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Budget may overhaul SEZ regulation

From easing selling to DTA buyers to introducing more support for zone developers, there is room for significant change.

Budget may overhaul SEZ regulation
The government has specified that a SEZ unit facing domestic market will behave like a DTA entity whereas a SEZ unit facing international market will behave as a SEZ unit. (Representative image)

By Mahesh Jaising

The Special Economic Zones Act, 2005 (SEZ Act) was introduced with the aim of attracting foreign direct investment (FDI) and creating a competitive and hassle-free environment for companies engaged in exports of goods and services. Since then, the ‘export’ focussed policy has successfully offered various benefits. However, as time progressed and tax laws evolved, the policy now faces the prospect of a relook so as to bring back lost sheen, specifically after the sunset of income tax benefits. It is likely that Budget 2022 will include a proposal to overhaul the SEZ policy. Here is a sneak peak of the possible amendments

Selling in the domestic tariff area (DTA)

The government has specified that a SEZ unit facing domestic market will behave like a DTA entity whereas a SEZ unit facing international market will behave as a SEZ unit.

At present, domestic sale of goods from SEZ to a DTA buyer is treated on a par with imports and the DTA buyer needs to pay applicable customs duties. It is expected that SEZ units may see change in regulations, to align with how Export-Oriented Units or Units under the bonded manufacturing scheme treat domestic supplies, i.e., to apply GST on sales and repay the customs duty exemption claimed while procuring inputs. Alternatively, the government may even adopt lower custom duty rates as applicable under the FTAs with different countries.

This would be a business-friendly move as SEZ units may be required to sell the produce in DTA due to many reasons, such as cancellation of export order, over production, loss of foreign market, and shorter shelf life of the product.

For services supplied by service SEZ units to DTA buyers, the SEZ units are required to necessarily receive foreign exchange which is a process in itself for DTA customers. In fact, in the absence of a mandatory requirement of receipt in foreign exchange for manufactured goods cleared into DTA, the provision is looked at as being discriminatory for service provider units even when the criteria of earning net foreign exchange is duly met by such units. While the department of commerce has been looking at this change for quite some time now, the industry hopes to see this issue addressed in the upcoming Budget, which will aid in promoting the growth of the units.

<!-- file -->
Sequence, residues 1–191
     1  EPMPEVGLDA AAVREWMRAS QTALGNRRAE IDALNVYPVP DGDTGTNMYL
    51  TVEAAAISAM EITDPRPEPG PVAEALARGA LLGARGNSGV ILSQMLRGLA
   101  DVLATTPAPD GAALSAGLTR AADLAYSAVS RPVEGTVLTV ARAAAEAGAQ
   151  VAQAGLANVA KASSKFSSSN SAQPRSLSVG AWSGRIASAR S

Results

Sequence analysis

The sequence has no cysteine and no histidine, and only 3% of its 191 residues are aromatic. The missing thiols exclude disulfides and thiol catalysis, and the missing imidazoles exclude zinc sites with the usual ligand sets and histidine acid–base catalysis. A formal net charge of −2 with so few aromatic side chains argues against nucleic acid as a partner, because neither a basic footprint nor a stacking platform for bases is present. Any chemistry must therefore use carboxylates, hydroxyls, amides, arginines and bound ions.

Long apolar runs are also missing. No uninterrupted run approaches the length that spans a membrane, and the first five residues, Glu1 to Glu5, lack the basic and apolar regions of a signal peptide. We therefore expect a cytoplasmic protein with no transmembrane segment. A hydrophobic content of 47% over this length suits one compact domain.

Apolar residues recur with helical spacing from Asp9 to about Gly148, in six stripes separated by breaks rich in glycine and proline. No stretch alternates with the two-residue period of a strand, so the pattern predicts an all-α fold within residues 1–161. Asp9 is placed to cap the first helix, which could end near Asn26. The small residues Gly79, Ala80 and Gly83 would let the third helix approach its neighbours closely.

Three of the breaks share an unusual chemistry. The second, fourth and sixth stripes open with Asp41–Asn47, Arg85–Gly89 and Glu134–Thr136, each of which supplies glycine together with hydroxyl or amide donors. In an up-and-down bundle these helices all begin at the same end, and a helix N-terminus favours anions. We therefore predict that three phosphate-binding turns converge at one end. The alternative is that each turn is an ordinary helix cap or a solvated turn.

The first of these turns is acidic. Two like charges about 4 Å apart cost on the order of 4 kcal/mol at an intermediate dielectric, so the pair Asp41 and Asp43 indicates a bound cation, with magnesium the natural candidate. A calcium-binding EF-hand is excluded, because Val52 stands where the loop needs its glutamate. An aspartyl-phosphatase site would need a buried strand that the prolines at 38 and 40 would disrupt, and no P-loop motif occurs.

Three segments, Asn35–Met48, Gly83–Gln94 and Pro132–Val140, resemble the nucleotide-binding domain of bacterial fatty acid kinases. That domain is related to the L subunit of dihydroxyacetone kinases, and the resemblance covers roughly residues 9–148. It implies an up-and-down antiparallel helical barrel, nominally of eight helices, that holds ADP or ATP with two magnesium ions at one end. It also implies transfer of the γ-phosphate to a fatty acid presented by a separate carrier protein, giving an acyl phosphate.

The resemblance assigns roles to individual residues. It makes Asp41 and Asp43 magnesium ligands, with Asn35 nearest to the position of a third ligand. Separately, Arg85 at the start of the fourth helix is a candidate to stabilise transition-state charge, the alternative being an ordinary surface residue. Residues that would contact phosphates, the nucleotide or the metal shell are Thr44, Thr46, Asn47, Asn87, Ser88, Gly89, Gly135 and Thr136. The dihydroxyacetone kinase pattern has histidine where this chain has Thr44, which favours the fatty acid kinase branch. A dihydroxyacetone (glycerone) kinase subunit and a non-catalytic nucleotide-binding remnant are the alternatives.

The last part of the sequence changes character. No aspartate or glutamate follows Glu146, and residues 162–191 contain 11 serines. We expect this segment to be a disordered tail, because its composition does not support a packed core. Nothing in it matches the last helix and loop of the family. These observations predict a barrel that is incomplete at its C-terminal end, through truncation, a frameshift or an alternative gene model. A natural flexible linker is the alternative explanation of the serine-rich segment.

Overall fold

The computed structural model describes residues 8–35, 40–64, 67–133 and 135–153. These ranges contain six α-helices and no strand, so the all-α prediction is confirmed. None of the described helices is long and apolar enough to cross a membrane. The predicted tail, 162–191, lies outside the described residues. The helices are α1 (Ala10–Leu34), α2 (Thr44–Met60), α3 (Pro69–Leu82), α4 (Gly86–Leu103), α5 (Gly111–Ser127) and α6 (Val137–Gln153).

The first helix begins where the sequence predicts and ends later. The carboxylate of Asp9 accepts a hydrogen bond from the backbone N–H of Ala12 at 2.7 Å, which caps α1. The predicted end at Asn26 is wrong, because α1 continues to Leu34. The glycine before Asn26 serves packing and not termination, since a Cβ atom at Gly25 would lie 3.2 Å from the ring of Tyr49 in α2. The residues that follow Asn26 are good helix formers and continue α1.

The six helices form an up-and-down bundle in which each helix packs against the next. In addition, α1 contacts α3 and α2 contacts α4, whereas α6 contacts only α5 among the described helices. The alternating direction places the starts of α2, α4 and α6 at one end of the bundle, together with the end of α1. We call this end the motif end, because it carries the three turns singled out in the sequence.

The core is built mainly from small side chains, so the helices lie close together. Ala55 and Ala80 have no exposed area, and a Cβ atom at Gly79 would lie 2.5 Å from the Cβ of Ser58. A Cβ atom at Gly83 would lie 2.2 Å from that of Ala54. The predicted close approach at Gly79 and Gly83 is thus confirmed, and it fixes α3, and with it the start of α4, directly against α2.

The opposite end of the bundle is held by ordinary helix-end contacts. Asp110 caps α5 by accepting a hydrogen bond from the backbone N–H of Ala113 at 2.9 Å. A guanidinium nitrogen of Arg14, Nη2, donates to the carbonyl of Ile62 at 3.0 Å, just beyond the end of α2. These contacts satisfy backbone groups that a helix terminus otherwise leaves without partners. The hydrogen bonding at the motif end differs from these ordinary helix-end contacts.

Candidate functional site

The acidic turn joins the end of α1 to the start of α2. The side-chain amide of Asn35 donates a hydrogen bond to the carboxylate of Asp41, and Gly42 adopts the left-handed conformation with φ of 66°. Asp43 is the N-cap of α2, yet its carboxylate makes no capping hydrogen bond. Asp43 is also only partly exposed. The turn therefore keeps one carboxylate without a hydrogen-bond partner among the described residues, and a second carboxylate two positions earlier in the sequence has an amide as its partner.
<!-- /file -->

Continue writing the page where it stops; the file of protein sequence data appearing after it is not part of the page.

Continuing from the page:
Relaxed norms for work from home (WFH)

The Covid-19 pandemic has forced everyone to rethink about the way business is done and many companies have been exploring hybrid operation models, wherein employees can work both onsite and remotely. While the department of commerce has explicitly issued an advisory permitting WFH during the pandemic, the same is set to expire in March 2022.

The industry expects that the government would recognise the WFH model for SEZ units without any impact on the tax benefits claimed by the companies. In an increasingly remote working environment, there is a huge opportunity for India to be the ‘Service Hub’ of the world.

Thrust to service sector units

While we have seen the bonded manufacturing scheme being rolled out for manufacturers, service providers need a thrust too. In the press release issued by the commerce ministry on January 10, 2020, it has been stated that “If India is on the path to become a $5 trillion economy by 2025 then the present environment of manufacturing competitiveness and services have to undergo a basic paradigm shift. The success seen in services sector like IT and ITeS have to be promoted in other services sectors like health care, financial services, legal, repair and design services.”

The Baba Kalyani-led panel recommended shifting from export promotion to employment and economy promotion, by aiming the policy at broad-based employment and economic growth consistent with the government’s target of creating 100 million jobs. The report recommends transformation of SEZs into Employment and Economic Enclaves (3 Es) which could bring in significant changes in both approval requirements as well as operational guidelines for SEZ units, to shift the focus from exports towards employment.

Coupled with the concessions under the GST regime, incentivising SEZ units based on employment and economic promotion could be the much-needed push which the government may consider.

Support to zone developers

The SEZ units are capital intensive and a lot of SEZ space has been created in India, with 376 notified SEZs and 268 being operational. There are large areas across SEZs, specifically in the wake of the sunset clause on income tax benefits. It is expected that the government would consider allowing DTA units to set up facilities in SEZs minus the concessions that a SEZ unit enjoys. This will enable the developers to lease out vacant facilities and recoup their return on investment.

It is also expected that the exit procedures as well as the denotification of area would be simplified for the units as well as the developers, to assess the business interest and take a call on moving out of the scheme.

(The author is National leader & indirect tax partner, Deloitte Touche Tohmatsu India LLP. With inputs from Harsh Sankhlecha and Sangita Prakash, both senior managers, Deloitte Touche Tohmatsu India LLP. Views expressed are personal and do not reflect the official position or policy of Financial Express Online. Reproducing this content without permission is prohibited).

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First published on: 31-01-2022 at 17:44 IST